Tokyo Fashion Week aims to become aspirational showcase for designers

Amazon Fashion Week Tokyo S/S 2019 was marked by a number of both debuts and veteran comebacks for the “At Tokyo” program. While the fashion week aims to gain in popularity with its consumer-oriented approach, both Tokyo and its seasoned designers seem keen to make the week an aspirational showcase again. The goal – to shake off its reputation as a fashion week from which  emerging talents “graduate,” as winners of Fashion Prize of Tokyo have previously followed the well-trodden path of moving on to Paris.
 

Kotohayokozawa


Kotohayokozawa SS 2019 - Image: Fashionsnap.com

Standing out from the gaggle of young designers still struggling to propose coherent collections, Kotohayokozawa made a spot-on debut for its first show in the official Amazon Fashion Week Tokyo calendar. Born in 1991, Kotoha Yokozawa, who created her own label in 2015 after graduating from Esmod Tokyo, showed a fresh and creative vision of everyday life with her playful pop art-inspired collection.  As though the designer had sent her wardrobe through a blender, basic items like knits, jeans, underwear, and swimwear were all cut and reconstructed like a work of collage. In addition to unique ideas such as skirts transformed in calico or T-shirts suspended on the fronts of trousers, everyday objects like clips, clothes pins, newspapers, or even tissue paper accessorized looks in arty but whimsical ways.  Such spontaneity heralds a promising future for the label.
 

Dressedundressed


Dressedundressed SS2019 - Image: Fashionsnap.com

Founded nearly a decade ago, finalist for the International Woolmark Prize by Franca Sozzani in 2012 and winner of DHL design Award in 2013, Dressedundressed is one of the most typically “Tokyoite” of the established brands today. This season, designer Takeshi Kitazawa drew inspiration from restaurants for the set of his showcase of a sleek and androgynous collection with a faintly surrealistic sense of irony. Both men and women wore smart tailored jackets with a twist, such as the addition of handwritten messages, phone numbers, wine stains, or bold cut outs on the back. There was even a short theatrical performance at the end where models played out, in slow motion, the role of restaurant guests around a table.
 

Hyke



Hyke SS 2019 - Image: Fashionsnap.com

Founded by design duo Hideaki Yoshihara and Yukiko Ode in 2013, heritage-inspired label Hyke is pursuing its global development with numerous capsule collections in link-ups with international brands such as Adidas Originals and Mackintosh, and notably with The North Face. This season, they staged a runway show for the first time to showcase their clean-and-clever reinterpretation of old military wear including a third collaboration with the VF-owned outerwear brand, starring parkas and jackets paired with pleated skirts, shirts and smocks worn backwards. All functional but elegant, this collection was an exact match for urban life in Tokyo.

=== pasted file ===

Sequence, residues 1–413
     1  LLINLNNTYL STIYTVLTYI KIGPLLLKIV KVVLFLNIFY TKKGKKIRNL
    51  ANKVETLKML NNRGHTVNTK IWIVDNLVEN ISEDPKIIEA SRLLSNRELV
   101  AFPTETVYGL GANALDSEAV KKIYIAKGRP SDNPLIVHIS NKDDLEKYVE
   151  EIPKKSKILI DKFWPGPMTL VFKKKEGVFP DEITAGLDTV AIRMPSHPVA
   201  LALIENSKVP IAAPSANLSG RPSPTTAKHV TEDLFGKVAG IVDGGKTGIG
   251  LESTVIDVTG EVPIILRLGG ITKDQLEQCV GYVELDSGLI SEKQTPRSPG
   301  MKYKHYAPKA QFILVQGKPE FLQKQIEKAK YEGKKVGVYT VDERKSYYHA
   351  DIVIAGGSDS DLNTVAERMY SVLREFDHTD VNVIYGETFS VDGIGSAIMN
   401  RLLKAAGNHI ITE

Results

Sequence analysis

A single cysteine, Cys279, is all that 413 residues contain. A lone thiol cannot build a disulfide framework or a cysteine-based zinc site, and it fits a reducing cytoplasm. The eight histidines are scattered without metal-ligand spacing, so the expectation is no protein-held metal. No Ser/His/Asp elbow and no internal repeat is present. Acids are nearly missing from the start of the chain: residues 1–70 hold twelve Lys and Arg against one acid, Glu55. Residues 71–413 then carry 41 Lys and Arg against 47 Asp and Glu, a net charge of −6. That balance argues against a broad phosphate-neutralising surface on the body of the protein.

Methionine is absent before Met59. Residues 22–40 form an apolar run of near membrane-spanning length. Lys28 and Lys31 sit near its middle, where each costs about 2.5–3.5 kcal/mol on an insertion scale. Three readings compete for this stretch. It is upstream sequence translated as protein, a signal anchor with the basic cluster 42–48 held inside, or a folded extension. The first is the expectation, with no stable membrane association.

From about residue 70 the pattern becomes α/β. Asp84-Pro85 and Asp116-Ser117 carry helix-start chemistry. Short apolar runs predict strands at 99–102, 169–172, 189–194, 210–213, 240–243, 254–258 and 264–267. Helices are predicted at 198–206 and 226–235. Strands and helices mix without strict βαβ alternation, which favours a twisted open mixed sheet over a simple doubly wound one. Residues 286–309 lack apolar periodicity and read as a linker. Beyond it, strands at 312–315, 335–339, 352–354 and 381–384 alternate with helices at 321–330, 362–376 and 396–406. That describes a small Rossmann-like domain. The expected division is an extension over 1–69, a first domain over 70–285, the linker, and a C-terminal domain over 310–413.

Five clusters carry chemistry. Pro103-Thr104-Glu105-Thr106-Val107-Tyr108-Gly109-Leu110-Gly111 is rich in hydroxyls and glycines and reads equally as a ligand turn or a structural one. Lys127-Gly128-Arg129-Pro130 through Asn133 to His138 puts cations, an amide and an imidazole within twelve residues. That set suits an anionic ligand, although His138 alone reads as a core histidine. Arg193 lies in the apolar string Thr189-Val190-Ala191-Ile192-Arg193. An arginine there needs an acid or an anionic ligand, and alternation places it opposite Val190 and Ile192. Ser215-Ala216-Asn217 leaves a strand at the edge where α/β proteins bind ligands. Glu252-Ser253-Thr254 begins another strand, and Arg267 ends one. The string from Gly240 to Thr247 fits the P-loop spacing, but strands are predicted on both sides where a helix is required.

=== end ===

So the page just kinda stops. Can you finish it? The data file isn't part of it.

Jenny Fax


Jenny Fax SS 2019 - Image: Fashionsnap.com

An interesting vision of “kawaii”, one of the most popular aesthetics of Japanese pop culture. Taiwan-born designer Shueh Jen-Fang, a graduate from La Cambre, created Jenny Fax as a label for “ordinary girls” in 2010. There is always some dark humor in her dreamy, hyper girlish creations, certainly the unusual combination responsible for first piquing the interest of one of the buzziest stylists of the moment, Lotta Volkova, who styled this show. Statement voluminous shoulders, exaggerated puff sleeves, or layered lace underwear over girlish dresses -- all in the pastel hues with nostalgic motifs such as dots, stripes, checks or floral print -- formed a fanciful but somewhat dark effect.
 

At Tokyo


Anrealage SS 2019 - Image: Fashionsnap.com

For Amazon Japan’s “At Tokyo” program, four international veterans staged special runway shows. Of particular note was Anrealage, a regular on the official Paris calendar since 2014, who showcased a compilation of his 15 years of work with 100 looks in front of over 1,200 guests, from fashion students to consumers. For Kunihiro Morinaga, Tokyo Fashion Week was a stage that he had dreamed of before his debut, and now, he said, he’d like to “make it a desirable event again for everyone.”  The limited-edition trench inspired by Amazon’s cardboard box was sold out soon after the show.
 

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